What can legal systems can learn from each other?
Chris is an Australian-trained lawyer who has recently made the move to Thompsons Glasgow office where he is presently re-training in Scots Law.
Scotland and Australia, tragically, are both historic world leaders in exposure to asbestos. The positive side is that both are also world leaders in justice for those with asbestos illnesses – but there is a lot the two countries could learn from each other.
A lesson for Scotland: No unjust time limits
Scotland has a time limit of three years from when a victim knew, or ought to have known, about an asbestos illness to run a claim.*
Time limits on legal claims are very common. They are supposed to encourage people to run cases when the evidence is fresh and ensure claims don’t linger forever creating uncertainty.
This makes no sense when it comes to asbestos claims. Asbestos illnesses are insidious, taking decades to set in. Victims very often do not understand their rights to compensation for many years. Evidence gathering is more like historical research than a typical investigation.
Negligent companies and their insurers will not hesitate to hide behind time limits to avoid compensation for claims that are otherwise perfectly valid.
A lesson for Australia: Pleural plaques
Scotland is one of the world’s few jurisdictions where compensation is available for pleural plaques.
Pleural plaques are patches of thickening on the lining of the lungs which occur decades after exposure to asbestos. In many cases pleural plaques become ‘calcified’, meaning mineral and scar tissue build up making them appear easily on scans.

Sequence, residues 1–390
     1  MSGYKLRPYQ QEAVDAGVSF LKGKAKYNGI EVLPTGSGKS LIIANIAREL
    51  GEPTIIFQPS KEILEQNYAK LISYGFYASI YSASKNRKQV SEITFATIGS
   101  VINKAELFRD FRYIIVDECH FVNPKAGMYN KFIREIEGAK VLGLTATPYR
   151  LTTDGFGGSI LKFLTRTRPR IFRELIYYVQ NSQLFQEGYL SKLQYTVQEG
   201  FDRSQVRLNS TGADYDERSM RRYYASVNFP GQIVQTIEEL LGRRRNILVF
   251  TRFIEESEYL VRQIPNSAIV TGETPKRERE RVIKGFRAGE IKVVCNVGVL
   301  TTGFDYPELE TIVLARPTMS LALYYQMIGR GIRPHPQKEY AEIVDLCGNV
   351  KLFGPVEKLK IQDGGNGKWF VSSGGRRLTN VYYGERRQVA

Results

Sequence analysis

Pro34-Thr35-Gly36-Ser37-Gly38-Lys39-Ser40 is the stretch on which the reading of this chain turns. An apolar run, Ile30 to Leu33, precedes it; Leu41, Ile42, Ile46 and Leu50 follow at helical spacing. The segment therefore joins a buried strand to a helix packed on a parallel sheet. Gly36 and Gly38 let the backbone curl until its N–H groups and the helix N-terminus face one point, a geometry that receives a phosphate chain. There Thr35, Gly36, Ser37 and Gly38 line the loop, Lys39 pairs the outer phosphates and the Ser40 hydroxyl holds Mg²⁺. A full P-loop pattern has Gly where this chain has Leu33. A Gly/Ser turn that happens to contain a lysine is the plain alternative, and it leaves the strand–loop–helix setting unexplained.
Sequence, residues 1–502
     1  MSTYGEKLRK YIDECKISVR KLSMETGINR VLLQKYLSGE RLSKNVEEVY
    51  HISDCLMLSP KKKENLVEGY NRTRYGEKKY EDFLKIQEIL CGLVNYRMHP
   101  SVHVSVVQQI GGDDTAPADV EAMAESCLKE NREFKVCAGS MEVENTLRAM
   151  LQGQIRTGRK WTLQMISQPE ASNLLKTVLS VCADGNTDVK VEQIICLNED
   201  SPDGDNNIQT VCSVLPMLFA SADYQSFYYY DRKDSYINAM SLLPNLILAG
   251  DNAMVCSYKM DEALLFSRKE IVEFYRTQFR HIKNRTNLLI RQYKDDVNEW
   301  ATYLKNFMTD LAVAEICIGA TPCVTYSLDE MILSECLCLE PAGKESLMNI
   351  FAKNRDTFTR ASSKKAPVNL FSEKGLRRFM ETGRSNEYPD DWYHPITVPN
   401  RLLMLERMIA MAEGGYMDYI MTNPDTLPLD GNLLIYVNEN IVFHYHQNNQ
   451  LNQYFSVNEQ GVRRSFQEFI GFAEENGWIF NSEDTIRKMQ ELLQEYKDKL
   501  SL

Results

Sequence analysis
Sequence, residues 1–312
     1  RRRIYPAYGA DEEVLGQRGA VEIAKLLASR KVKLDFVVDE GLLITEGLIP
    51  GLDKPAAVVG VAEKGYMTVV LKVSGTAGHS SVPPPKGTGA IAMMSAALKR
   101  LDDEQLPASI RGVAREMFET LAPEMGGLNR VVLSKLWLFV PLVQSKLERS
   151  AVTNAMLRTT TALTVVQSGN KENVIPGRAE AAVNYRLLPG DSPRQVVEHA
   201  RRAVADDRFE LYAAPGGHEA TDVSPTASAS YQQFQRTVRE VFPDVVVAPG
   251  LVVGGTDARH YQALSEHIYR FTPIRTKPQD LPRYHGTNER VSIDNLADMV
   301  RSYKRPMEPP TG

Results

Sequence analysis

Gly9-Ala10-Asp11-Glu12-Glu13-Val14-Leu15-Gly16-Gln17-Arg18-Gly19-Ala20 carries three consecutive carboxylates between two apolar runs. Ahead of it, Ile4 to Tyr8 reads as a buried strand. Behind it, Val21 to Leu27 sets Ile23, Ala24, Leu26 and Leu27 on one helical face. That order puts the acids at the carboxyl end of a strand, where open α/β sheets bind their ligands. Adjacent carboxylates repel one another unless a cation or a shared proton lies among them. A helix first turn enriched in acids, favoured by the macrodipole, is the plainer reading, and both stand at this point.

Most jurisdictions do not award compensation for pleural plaques. The common argument is that plaques do not cause symptoms. This is true in the sense that pleural plaques themselves are typically benign and have no impact on life expectancy. This approach, however, lets negligent employers off the hook
Many patients do experience a range of issues related to pleural plaques. The anxiety of diagnosis, and living with the prospect of developing a more serious illness, weighs heavily on many victims. There are many anecdotal reports of discomfort and pain. Fundamentally, it is a permanent change to the lung - a violation of bodily integrity - that those responsible should have to answer for.
The Scottish Parliament has intervened to make compensation available for the anxiety of diagnosis and the risk of developing future illnesses. This sensible approach provides many victims with compensation where they would otherwise be ignored, and holds unscrupulous employers to account. Australian jurisdictions should follow this example.
If you have been diagnosed with an asbestos-related illness, Talk to Thompsons on 0800 0891 331 without delay.
Blog by Chris Gall, Lung Disease Team
*There are arguments and exceptions to this rule so please contact us if you have been diagnosed with an asbestos illness even if you think your claim might be out of time.